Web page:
By Mindy Ragan Wood, Staff Writer – The issue of whether to keep a retail attractions specialist remains unsettled for council members. Rickey Hayes was hired a year ago to draw business to Piedmont in order to grow sales tax collections.
Hayes was expected to appear during the October and November council meetings but was unable to do so because of health reasons. Jason Orr told council members in November that they could review the monthly reports of his activities and contact Hayes with any questions they had individually. He reminded the council that retail attraction can take up to three years before any efforts succeed.
Council members have not contacted Hayes since then, but the matter has been on their minds.
Councilman John Brown said he had been too busy during the holidays to call him, but it is on his to do list.
“My current thinking is that we’ll keep him on through the fiscal year and then see what to do. This (retail attraction) takes time. At the end of this fiscal year will be almost two years. At that point if we don’t see results, if there’s nothing coming, I think at that point we will do something different.”
A different option for Brown would be to revisit the possibility of hiring a community development director.
“We hired Hayes in lieu of having a community development director. Jason came forward with a proposal saying that Hayes can do what a community development director can do. It’s (a director) going to cost $60,000 to $70,000, but this guy can do the same thing,” Brown recalled, “for $4,000 a month.”
Brown said at the time the city could afford to pay a community development director $50,000 a year, not enough to attract an experienced professional with established contacts. Hayes launched Retail Attractions, Inc. in 2007 prior to the six years he spent in Owasso as its economic development director.
The decision to keep Hayes or hire a community director are the two options that Brown sees.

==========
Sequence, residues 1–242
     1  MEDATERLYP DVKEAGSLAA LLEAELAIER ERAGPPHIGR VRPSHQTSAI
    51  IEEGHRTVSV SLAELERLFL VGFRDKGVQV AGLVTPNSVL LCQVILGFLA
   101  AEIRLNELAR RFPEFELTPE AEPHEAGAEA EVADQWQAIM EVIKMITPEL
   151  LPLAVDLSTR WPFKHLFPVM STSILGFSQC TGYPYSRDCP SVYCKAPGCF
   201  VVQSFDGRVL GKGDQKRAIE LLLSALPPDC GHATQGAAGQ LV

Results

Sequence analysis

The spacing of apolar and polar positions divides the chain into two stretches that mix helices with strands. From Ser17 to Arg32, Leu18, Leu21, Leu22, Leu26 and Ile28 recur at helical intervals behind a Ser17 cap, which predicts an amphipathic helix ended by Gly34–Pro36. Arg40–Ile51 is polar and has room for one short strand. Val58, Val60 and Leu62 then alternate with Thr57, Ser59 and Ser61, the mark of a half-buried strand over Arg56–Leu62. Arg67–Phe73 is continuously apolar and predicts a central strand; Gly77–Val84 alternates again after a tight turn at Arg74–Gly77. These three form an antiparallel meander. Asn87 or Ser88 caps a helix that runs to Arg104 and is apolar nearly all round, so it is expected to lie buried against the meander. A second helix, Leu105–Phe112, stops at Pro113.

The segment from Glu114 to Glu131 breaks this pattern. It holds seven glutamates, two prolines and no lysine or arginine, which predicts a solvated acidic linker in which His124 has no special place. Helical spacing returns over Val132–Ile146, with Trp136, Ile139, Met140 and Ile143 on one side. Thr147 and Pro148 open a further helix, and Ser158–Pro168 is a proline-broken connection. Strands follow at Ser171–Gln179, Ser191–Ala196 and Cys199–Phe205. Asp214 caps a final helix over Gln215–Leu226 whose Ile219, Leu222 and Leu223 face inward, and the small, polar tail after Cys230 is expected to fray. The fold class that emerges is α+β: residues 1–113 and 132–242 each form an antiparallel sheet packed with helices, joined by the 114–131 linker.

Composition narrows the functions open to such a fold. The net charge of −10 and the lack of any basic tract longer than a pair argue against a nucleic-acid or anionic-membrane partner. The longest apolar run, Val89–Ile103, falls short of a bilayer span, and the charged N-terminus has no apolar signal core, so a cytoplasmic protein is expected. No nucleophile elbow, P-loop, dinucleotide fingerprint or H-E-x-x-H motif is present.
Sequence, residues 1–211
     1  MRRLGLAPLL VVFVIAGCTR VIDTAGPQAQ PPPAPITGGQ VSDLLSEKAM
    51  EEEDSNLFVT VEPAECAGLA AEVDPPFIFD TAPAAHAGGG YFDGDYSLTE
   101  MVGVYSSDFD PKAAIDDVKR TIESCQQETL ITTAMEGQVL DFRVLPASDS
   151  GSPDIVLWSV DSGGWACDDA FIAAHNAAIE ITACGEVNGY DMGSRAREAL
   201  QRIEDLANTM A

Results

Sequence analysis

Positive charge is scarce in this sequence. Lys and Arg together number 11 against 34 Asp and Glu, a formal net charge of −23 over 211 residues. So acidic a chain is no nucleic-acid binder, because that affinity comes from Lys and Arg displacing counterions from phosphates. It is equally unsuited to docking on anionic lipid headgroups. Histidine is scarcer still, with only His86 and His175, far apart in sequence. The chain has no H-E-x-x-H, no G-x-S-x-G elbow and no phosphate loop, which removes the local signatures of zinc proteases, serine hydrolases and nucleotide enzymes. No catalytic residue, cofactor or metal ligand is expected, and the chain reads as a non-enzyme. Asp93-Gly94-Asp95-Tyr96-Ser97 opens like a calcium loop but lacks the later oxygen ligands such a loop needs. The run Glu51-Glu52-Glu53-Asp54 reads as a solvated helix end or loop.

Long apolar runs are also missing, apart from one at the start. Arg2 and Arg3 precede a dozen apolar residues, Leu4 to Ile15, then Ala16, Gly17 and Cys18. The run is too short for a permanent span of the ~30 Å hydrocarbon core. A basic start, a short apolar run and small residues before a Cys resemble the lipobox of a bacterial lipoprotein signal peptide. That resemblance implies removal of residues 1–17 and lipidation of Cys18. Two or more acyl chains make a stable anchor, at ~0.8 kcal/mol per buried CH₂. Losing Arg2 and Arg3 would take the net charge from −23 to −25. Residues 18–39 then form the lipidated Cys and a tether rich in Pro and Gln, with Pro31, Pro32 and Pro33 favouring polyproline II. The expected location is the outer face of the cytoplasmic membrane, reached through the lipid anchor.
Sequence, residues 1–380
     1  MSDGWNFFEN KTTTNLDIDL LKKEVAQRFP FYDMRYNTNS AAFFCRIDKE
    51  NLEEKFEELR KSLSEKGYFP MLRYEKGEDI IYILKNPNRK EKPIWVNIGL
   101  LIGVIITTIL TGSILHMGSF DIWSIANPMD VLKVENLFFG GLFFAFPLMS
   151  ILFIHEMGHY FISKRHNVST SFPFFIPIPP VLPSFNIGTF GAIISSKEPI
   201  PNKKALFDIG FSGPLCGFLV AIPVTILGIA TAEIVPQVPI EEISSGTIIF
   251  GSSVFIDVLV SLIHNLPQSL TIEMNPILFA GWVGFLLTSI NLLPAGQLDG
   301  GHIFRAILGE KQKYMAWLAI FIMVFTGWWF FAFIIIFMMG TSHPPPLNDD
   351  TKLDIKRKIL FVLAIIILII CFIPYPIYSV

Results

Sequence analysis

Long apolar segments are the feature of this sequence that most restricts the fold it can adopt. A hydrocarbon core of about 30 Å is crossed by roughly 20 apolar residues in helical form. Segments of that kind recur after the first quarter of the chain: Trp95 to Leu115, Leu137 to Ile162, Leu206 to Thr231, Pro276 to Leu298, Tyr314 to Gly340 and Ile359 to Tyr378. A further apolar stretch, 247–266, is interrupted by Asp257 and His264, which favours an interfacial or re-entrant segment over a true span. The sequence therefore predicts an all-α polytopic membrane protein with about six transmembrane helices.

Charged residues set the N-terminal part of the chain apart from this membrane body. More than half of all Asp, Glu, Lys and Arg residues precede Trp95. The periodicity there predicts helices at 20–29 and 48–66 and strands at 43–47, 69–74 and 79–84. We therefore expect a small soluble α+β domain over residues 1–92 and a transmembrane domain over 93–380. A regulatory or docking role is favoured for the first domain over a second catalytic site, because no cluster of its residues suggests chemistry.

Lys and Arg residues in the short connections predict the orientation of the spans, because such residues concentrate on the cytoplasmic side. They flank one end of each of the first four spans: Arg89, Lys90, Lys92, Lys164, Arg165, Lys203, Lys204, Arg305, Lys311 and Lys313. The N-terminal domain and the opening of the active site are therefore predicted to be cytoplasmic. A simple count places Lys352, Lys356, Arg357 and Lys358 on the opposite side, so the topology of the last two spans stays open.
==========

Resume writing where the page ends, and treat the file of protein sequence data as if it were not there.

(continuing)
“I don’t like spending money any more than anyone else does, but sometimes you have to spend the money. If he (Hayes) doesn’t produce results, then we’ll have to do something else. I think at that point we have to hire a community development director. Doing nothing is not the answer. We have to do something,” Brown said. “What, I don’t know that yet.”
Councilman Kevan Blasdell said he has reviewed the monthly reports and is not encouraged.
“I don’t they’re sufficient to get anything done,” he said. “He’s sending out a lot of letters and making a lot of contacts…a wide variety, a lot of specialty businesses like a leather goods store and silver jewelry store. Rickey Hayes contacts the headquarters of national businesses, but I don’t think that’s going to result in business coming here,” he said.
Blasdell believes a different approach could be more effective in drawing businesses to Piedmont.
“I think businesses with an interest nearby, in Oklahoma City and wants to bring that to Piedmont. It seems like companies would not be interested in coming here if they aren’t already interested in or have businesses in this area.”
Blasdell said he is taking a wait-and-see approach.
“I plan on looking at the budget in April and possibly coming up with something else. We have to do something. We have to continue to attempt to bring businesses to Piedmont.”
Councilman Al Gliechmann said he is not in favor of keeping Hayes on and expressed his skepticism that it takes three years to see any results. He has not reviewed Hayes monthly reports.
“We’re up to over $50,000 we’ve spent on this thing (Hayes) and no results. The city manager said it took him three years to get a business in Enid. That seems far-fetched to me. When we hired him (Hayes) he had 50 cities he was taking care of. Now how can you do that and bring business to all of them,” Gliechmann said. “Those are the points I’ve tried to bring up at council meetings.”
According to Enid’s economic development director Brent Kisling, Hayes work pays off. Enid, which has a population of 50,000 people, hired Hayes eight years ago.
“Academy Sports took closer to four years, I’d say,” Kisling said. “TJ Maxx, Ulta…moved into that complex. The most important character trait in economic development is patience, and the bigger projects take a number of years. We broke ground on a new hotel that took Rickey six years.”
Gliechmann said he believes in attracting sales tax growth to Piedmont. He pointed out that the city has a chamber of commerce who could attempt to attract businesses to the area and that council members should try too.
“I think we can go out and interest businesses,” Gliechmann said. “We’ve got to get together and work toward getting businesses out here.”
City Manager Jason Orr said hiring a community development is an option, but it is an expensive one.
“I think we can afford it, but it means we’d have to cut it from somewhere else. It’s a possibility. If you want someone with experience, we’ll have to pay more than they wanted to before.” he said. “It would have to be $75k or more. Is that really feasible? Probably not. We’re trying to do best we can with resources we have.”